Pulte's Del Webb has new data out on that age-old question, "what do women want?"
The findings seem to spotlight rather what they don't want. Or at least, don't need.
This is important. The National Association of Realtors points out that a single adult female is twice as likely to buy a home--repeat buyer or first-time buyer--as a single male at any age. What's more, the NAR notes that 15.5 million women live in single-person households, and 56% of them are homeowners (compared with 11.8 million men, of which 47% own their home).
The point is the implication that women are home buyers, important ones, single or not. We toyed around with the notion that females are the "decision-maker" in home purchases for more than a decade. Now, the wake-up call gets louder (perhaps, we preferred to hit the "snooze" button a few times before recognizing it). Women are decision-makers in couples and families, and multigenerational households, and they're out and out home buyers--repeat and first-time--to an ever-greater degree of significance.
Here's one of the top lines in the latest Pulte release:
Survey results indicate that many single female Boomers prefer an active social life over an active romantic life (just 38 percent are looking for companionship or marriage).
Among those who engage in social activities, the most popular pastimes include dinners with friends (66 percent), trips to the movies (51 percent) and attending concerts (31 percent), according to the study. Other top social activities include:
- Seeing plays and musicals (30 percent)
- Seeking formal and informal education (28 percent)
- Outdoor activities (e.g., hiking, canoeing, kayaking, etc.) (24 percent)
- Attending sporting events (22 percent)
- Happy hours (15 percent)
- Dancing (14 percent)
The data underscores three big take-aways, by our lights.
One, is tone-deafness. Home building companies, residential developers, architectural firms, residential investment and lending organizations, etc., whether they're willing to truly reckon with it or not, are courting--to an increasing degree--a female universe of customers. Their organizations and their DNA have not caught up to that reality. This is not new news. This is a gentle reminder of what is largely self-evident: there'll be a widening gap and dislocation between companies and their customer base if those companies fail to mirror culture and society's shifting power-base.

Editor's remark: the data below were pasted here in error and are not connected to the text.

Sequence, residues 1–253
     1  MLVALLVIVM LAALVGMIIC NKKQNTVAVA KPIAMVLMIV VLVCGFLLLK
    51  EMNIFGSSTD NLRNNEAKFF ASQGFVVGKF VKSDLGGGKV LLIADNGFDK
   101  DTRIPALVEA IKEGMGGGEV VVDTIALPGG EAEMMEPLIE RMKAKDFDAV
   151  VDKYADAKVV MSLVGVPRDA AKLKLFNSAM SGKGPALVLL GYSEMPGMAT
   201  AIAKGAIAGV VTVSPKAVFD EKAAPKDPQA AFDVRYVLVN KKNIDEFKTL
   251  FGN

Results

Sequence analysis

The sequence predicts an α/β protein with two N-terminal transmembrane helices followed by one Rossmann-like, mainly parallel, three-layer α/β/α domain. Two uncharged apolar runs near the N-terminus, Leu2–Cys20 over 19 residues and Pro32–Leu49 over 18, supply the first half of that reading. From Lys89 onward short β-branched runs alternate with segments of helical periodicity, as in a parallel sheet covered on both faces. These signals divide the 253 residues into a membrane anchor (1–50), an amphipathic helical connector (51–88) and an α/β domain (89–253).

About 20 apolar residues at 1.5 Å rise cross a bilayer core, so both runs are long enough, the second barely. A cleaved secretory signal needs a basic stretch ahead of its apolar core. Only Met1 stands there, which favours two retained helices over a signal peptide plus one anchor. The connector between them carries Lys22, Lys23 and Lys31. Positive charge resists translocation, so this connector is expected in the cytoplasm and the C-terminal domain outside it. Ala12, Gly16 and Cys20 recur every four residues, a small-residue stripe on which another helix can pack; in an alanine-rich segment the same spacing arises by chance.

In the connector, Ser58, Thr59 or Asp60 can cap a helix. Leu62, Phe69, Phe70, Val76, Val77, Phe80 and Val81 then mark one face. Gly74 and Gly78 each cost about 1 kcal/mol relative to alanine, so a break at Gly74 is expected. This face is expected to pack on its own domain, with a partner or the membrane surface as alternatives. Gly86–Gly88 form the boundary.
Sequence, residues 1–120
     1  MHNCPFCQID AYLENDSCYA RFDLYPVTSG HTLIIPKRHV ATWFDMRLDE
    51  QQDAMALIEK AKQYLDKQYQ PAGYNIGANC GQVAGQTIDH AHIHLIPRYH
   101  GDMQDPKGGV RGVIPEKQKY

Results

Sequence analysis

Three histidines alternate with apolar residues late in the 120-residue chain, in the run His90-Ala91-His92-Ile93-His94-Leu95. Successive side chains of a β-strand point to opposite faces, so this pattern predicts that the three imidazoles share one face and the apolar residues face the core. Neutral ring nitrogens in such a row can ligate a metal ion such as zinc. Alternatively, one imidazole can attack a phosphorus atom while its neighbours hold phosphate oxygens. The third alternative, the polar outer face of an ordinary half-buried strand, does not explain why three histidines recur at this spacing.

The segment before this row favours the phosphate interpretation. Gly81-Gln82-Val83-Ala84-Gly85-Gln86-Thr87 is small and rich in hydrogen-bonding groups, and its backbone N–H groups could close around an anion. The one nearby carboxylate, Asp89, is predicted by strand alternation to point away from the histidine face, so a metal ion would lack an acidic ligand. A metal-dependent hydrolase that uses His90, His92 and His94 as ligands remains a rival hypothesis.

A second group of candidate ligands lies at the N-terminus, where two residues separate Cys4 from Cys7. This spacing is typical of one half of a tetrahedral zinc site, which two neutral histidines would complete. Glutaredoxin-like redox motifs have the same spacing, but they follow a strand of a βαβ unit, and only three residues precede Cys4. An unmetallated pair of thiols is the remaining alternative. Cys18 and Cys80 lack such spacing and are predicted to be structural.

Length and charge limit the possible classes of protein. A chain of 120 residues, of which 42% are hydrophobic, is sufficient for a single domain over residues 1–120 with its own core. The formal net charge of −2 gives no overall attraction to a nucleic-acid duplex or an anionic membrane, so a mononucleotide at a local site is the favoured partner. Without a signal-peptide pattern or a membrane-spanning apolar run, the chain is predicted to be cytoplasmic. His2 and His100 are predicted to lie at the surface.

Two is programming. Yes, we're an increasingly design-centric culture, and yes, many ways that shows up is inside the home. The home as a user experience, an interface, like the office, like a cafe, like a hotel or spa facility, like a library, like a comfortable bar, is what design gravitates to increasingly. But "programming" goes out of the box, into the street-scape, into the trail system, into what's happening at the community center, into the proximity of a movie theater or a coffee shop. Programming and a community manager is as important to the user experience as an open floor plan or a drop zone or flow between indoor and outdoor living space. It's part of the value proposition now.
Three, is much research is bunk. Don't believe statistics when the statistical narrative flies in the face of common sense, or what you know to be true. The psychological world is quaking now as the result of recent findings that many important, precedent-setting experimental psychological insights trace back to experiments that don't reproduce the same results.
This highlights a difference between data, which tends not to deceive, and statistics, which by its nature, is a "story-telling" science that adds highly-fallible, if endearing, human biases to the stew of data points to try to reach conclusions.
"The best thing about being a statistician is you get to play in everyone else's backyard." One of the world's most famous statisticians, John Tukey--who worked both at Bell Labs and Princeton University--said that.
This is, by way of saying, have a look at the latest series of "insights" from Del Webb with a healthy grain of salt. Or, as Michael Shrage notes in this piece that talks about how to cope with the vicissitudes of disconnects between statistics insights and data points, "Nullius in verba ... take nobody's word for it."